JOHN GREER
JOHN GREER

HEAD UP ... in a ten degree angle

(from an interview with the author, Berlin, March 1997)

 

 

You often mention the 10-degree angle. Could you explain what that means for you?

 

John Greer: Well, I have to sit up and do it. (Stands up and moves his head as he is talking). If your head is down about 10 degrees, there is a pressure on the front of your scull by the weight of your brain. I think it probably activates a part of your brain and makes you thoughtful. That thoughtful space keeps going on in any direction. If your head tips back 10 degrees from the level I find that it pulls the muscles on your face tighter, it relaxes the face. This way (head down) everything hangs down, back, everything falls back. It relaxes the inside of my brain; it takes the pressure of the front. It takes the pressure and if I open my eyes I see everything from above. With the brain relaxing I do open up and my vision is enlarging. If you are looking straight, you are looking at the horizon line and you are alert and engaged.

 

Which is your favourite position in terms of looking out?

 

John Greer: The most comfortable is 10 degrees up. The most interesting is level. People fall asleep with their head down and seldom backwards. If you look straight down, you are more aware that you are engaged. But with the head back, 10 degrees, the arc of your vision is enlarging and so you are more aware of your surrounding - including yourself.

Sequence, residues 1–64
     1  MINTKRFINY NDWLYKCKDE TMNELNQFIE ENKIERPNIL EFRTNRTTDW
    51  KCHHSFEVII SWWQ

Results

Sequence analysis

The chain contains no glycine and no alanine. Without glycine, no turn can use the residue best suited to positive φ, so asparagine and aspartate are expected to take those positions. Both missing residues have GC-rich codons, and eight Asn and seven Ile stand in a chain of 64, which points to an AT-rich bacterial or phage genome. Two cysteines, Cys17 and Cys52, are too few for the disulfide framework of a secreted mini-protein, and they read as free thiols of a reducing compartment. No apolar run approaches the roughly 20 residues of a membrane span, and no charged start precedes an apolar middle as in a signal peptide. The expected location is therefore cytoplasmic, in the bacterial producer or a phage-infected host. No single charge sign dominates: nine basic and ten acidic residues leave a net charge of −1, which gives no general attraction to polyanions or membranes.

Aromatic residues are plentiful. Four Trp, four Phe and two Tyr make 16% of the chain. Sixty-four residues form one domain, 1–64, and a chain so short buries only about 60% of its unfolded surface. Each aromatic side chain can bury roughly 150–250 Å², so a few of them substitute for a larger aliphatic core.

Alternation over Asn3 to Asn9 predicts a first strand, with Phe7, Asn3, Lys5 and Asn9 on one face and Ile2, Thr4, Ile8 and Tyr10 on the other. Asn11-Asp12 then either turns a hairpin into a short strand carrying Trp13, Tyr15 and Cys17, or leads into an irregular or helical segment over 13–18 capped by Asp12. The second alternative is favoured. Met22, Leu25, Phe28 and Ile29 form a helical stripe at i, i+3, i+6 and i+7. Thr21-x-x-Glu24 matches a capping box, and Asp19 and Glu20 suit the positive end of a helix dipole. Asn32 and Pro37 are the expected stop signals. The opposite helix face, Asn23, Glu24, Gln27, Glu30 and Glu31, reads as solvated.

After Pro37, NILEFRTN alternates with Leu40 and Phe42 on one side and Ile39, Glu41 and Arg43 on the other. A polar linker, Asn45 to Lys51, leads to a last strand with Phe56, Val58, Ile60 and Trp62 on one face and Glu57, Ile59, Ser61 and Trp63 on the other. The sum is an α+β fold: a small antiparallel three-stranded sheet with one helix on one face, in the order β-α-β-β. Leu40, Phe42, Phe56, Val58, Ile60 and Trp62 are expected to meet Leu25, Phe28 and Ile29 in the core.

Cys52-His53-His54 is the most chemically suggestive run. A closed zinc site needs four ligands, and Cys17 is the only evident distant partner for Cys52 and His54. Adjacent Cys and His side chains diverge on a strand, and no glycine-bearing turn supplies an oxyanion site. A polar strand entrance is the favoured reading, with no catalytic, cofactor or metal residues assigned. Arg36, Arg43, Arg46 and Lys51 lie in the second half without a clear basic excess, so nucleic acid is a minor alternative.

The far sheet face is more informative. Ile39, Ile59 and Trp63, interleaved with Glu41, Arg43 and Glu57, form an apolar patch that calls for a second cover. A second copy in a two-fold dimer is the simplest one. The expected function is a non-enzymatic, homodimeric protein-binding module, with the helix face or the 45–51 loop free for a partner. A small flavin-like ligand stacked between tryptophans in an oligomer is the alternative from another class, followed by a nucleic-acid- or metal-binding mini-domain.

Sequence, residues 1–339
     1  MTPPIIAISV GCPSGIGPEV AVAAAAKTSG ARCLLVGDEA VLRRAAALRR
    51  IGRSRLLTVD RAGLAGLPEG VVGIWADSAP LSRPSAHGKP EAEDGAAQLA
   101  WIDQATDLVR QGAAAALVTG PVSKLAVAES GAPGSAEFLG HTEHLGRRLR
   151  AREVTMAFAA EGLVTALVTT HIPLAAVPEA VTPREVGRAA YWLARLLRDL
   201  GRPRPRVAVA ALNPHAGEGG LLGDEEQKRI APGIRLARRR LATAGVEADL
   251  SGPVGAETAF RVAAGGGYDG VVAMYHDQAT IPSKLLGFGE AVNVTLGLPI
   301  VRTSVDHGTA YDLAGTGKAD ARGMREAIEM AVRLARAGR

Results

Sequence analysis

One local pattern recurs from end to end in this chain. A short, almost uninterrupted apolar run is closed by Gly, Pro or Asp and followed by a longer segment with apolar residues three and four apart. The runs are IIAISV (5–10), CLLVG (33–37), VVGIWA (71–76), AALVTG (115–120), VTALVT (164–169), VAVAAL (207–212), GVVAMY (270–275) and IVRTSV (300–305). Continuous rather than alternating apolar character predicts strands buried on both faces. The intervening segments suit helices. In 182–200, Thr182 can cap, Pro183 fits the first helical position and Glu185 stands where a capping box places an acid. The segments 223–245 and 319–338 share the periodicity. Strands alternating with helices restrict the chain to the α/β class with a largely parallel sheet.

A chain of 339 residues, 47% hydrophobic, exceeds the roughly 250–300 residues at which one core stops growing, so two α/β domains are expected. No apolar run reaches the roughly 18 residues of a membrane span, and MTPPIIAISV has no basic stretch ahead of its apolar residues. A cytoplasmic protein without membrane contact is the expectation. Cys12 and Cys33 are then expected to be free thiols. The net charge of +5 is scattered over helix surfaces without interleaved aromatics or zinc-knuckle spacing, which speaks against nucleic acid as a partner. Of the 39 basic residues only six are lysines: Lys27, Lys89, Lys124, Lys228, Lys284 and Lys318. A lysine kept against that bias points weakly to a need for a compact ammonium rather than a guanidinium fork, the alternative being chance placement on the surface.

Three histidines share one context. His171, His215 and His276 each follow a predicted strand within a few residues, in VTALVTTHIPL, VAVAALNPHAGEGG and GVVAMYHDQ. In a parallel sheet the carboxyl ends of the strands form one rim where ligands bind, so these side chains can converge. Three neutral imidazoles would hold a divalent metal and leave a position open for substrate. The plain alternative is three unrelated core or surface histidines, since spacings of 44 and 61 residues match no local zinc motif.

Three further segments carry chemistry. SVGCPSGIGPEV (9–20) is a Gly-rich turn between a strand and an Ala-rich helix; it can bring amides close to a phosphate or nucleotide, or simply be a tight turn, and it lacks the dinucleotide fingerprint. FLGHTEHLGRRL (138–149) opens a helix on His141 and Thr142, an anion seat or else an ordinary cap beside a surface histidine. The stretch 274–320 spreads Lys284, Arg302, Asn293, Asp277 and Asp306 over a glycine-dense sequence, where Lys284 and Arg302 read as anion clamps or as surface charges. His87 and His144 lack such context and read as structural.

So you prefer an aware state, you don’t like to sleep?

 

John Greer: I do. If you are going to sleep you are resting. The 10-degree angle is a very interesting thing. Normally you do not get people confrontational with their heads back. That is why I like the heads being back in "Vortiginous". They are not confrontational. There are two cultures facing each other, and they are open and somehow aware of their surrounding - but not quite in it.

 

Does being open mean, too, that you are vulnerable?

 

John Greer: No. Because your throat is exposed, your vision is attentive. So you are not really vulnerable when your head is 10 degrees back. When it is 20 degrees or more, than you are! I mean you do not walk down a crowded street with your head up like that. You just do not do it. Occasionally you see tourists doing it, they are looking at a map and they are looking up and everybody is worried because they seem to be a walking target. Somehow they are just not engaged in where they are. And they have to figure something else out, too.

 

If you are in a crowded situation it is a vulnerable state. Out of an innocent state everybody gives you a little room and other people watch out for you to a certain extent. People are aware of those things. They might not be very conscious, but they use them all the time.

Detail of Vortiginous, 1994 (Walrusman)
Bus Shelter in Halifax with retroActive poster!
Thinking Back to Gertrude and Henrie, 2015
Installation View retroActive with Threshold, 2015; Civilization, 1990/91; PaperMoney, 2012
Wait of Water by John Greer, 2014 Bay of Fundy Detail of Wait of Water, October 9th, 2014; retroActive tied up, tide down, looking back across the bay where the piece was first realized in 1972
National Gallery of Canada : THE PROUST QUESTIONNAIRE
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© John Greer